At a glance
By Beth Wallace
In the second quarter of 2023, only 30 per cent of global office space was used by workers, according to The XY Sense Workplace Utilization Index. In Australia, a third of workstations remain empty.
“If we’re looking at it from a real estate and operational cost perspective, it isn’t a decision of whether or not companies should do it, but how they can make it work,” he says.
Some workers lament the loss of structure and familiarity associated with hot-desking, while others are concerned about germ sharing.
“Shared desking gives you an opportunity to move around the office, choosing different spaces based on how you are feeling for the day, what the task is, or your preferred working style.”
Here are seven tips for more effective hot-desking, according to the experts.
1. Communicate the why of hot-desking
Employers should be clear about why they are introducing a hot-desking policy – even providing staff with data on occupancy rates and sharing ratios. This can help workers to embrace the move, Marsden says.
“It becomes a change management process – supporting people to understand why you are doing it, how it is going to benefit them, and some of the pros and cons. Be honest and transparent.”
2. Create fit-for-purpose spaces
What kind of work is being performed in the office? If employees are using their time onsite to attend meetings or undertake teamwork, the floor plan should cater for this, with a variety of breakout spaces and meeting rooms.
“Companies need to make sure they are providing the right types and styles of spaces to support the ways that people need to work,” Marsden says.
3. Enable work productivity
Employers should supply the same high-quality workstations throughout the office. Ideally, they will feature electronic sit/stand capability, an ergonomic chair, a dual-monitor screen and internet connectivity, recommends Marsden.
“That makes a big difference to someone’s ability to work really quickly,” she says. “Make it as frictionless as possible and minimise any room for user or technology error.”
Cowdroy adds that, for their part, employees can minimise time wastage by having the necessary tools on-hand.
“If you don’t like the keyboard your employer provides, bring your own,” he suggests. “Some people may need to put a bit of effort into building their ‘travelling kit’ for work.”
A workplace management solution, such as a hot-desking app, can also increase productivity – saving staff the time and trouble of finding a workstation once they arrive in the office.
Individuals or teams can use hot-desking software to book a workspace in advance, which is particularly helpful if colleagues need to work – and therefore sit – together, says Robert Wilkinson, chief experience officer at OfficeMaps.
“You may need something to manage the area for you, especially if you have far fewer workspaces than employees,” he says.
4. Accommodate diverse workplace needs
When every workstation is well-resourced from an operational and ergonomic perspective, most staff will be catered for.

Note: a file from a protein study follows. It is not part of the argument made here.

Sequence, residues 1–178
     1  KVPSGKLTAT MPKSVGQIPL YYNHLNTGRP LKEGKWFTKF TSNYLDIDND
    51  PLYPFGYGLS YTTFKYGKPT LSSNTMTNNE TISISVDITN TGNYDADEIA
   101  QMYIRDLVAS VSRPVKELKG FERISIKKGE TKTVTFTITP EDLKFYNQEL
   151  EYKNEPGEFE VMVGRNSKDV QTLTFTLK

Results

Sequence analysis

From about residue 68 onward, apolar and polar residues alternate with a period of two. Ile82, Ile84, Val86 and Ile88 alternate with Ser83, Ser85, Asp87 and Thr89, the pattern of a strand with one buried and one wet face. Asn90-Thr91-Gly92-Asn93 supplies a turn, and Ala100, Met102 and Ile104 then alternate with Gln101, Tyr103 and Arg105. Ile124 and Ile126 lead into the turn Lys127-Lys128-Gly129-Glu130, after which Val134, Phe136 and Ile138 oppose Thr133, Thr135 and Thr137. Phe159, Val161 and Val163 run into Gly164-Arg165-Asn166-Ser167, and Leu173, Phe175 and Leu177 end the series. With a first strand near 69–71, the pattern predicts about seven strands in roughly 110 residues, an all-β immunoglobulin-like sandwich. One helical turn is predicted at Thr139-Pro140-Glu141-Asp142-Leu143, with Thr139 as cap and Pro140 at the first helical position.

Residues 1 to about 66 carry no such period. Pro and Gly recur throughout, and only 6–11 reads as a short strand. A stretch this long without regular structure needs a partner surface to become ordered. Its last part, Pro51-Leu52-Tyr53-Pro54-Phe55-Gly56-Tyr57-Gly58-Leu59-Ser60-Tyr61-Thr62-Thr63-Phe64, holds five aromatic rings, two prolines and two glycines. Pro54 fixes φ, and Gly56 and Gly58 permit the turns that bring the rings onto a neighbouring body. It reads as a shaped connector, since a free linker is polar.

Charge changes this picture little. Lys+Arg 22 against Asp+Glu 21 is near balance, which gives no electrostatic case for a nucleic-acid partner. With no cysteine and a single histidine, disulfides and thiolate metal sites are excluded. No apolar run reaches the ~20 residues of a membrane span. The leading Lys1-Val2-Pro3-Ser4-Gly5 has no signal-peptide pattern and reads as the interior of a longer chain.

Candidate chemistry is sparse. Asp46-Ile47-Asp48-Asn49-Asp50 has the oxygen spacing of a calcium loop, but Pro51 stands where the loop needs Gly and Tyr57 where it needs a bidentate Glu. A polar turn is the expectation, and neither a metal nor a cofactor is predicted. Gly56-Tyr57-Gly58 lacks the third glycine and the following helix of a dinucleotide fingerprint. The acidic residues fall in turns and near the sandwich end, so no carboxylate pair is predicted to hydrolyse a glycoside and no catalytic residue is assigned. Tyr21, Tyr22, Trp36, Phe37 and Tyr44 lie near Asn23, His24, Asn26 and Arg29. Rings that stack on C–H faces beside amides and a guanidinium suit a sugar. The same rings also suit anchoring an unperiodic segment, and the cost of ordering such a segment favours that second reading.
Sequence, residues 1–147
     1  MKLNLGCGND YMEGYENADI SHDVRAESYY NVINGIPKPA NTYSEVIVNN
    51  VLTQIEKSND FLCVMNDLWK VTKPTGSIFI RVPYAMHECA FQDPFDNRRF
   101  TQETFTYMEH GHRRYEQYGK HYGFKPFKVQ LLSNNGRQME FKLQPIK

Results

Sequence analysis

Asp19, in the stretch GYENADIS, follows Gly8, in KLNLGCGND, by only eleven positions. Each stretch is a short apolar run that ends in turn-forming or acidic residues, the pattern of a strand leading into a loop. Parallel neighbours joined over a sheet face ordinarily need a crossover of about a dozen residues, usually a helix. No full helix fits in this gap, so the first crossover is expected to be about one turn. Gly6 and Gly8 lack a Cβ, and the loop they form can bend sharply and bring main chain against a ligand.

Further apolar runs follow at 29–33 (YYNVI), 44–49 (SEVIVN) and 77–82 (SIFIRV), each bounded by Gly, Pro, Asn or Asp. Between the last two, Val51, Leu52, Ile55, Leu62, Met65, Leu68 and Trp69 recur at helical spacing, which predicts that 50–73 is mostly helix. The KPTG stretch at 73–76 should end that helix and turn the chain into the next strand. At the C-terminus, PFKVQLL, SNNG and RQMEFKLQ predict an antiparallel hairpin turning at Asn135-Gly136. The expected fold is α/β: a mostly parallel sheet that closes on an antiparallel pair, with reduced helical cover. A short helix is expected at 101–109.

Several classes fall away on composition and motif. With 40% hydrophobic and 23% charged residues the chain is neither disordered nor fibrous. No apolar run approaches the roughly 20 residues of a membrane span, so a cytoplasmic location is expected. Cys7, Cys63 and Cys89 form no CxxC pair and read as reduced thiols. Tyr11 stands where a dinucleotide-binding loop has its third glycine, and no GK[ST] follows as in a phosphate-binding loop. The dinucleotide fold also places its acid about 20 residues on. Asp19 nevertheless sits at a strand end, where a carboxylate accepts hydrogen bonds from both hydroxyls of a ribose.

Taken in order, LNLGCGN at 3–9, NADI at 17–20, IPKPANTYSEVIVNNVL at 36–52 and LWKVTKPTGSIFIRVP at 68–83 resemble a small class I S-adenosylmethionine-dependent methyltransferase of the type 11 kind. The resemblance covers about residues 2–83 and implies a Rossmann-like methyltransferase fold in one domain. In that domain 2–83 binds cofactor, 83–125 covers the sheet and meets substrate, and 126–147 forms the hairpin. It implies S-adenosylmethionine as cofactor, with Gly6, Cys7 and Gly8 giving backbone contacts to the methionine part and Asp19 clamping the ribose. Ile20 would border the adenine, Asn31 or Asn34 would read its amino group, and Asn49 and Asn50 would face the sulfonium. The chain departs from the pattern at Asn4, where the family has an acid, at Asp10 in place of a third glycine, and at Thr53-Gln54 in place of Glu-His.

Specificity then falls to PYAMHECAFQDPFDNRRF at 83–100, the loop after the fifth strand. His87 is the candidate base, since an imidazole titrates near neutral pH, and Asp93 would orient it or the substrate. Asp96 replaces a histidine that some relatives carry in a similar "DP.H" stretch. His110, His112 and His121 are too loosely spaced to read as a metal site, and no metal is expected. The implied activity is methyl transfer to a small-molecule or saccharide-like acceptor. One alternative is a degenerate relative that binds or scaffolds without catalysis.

However, for workers that do require a different set-up, due to factors such as mobility issues or specific technology requirements, Marsden suggests employers seek a solution that does not involve giving them exclusive use of a desk, as this can cause tension within teams.
“Often unique requests can be addressed with different technology, such as a better-quality laptop, or a process change,” she says.
5. Facilitate privacy and peace
Since the primary purpose of working onsite is often to meet with teams, many companies are creating collaborative work areas. It’s also important to offer privacy, however.
In addition to establishing quiet areas for independent work, employers can install lockers and even small “drop-in” spaces for phone or video calls.
“I’ve seen some offices with phone booths installed – a stand-up soundproof space, about one metre square, with a shelf for your laptop at standing height,” Cowdroy says.
“This allows the individual to focus, but also stops them disturbing anyone else. That’s part of the hot-desking matrix: having an awareness of your impact on others.”
6. Apply hot-desking etiquette rules
Establishing hot-desking guidelines can reduce confusion and nurture a harmonious and productive environment.
Some organisations enforce a clean-desk policy, whereby staff clear their possessions at the end of each day. Others encourage intra-team social connections by prompting workers to mix up their seating arrangements.
Seeking input from employees around hot-desking etiquette will encourage them to invest in the change, Wilkinson says.
“The companies that do hot-desking well spend quite a bit of time beforehand consulting with employees, so everyone gets to have a say,” he adds.
7. Be willing to experiment
Both workers and employers should approach hot-desking with an open mind, advises Cowdroy.
“Part of the individual’s success with hot-desking is to try different approaches,” he says. “Sit at different desks, or near different people. Or add something to your space to make it feel like [it’s] yours for the day, to help you feel settled.”
If elements of hot-desking are not working, he urges employers to be open to change.
“Listen to your people and ask for feedback,” Cowdroy says. “Employers have to be just as flexible and willing to change as employees.”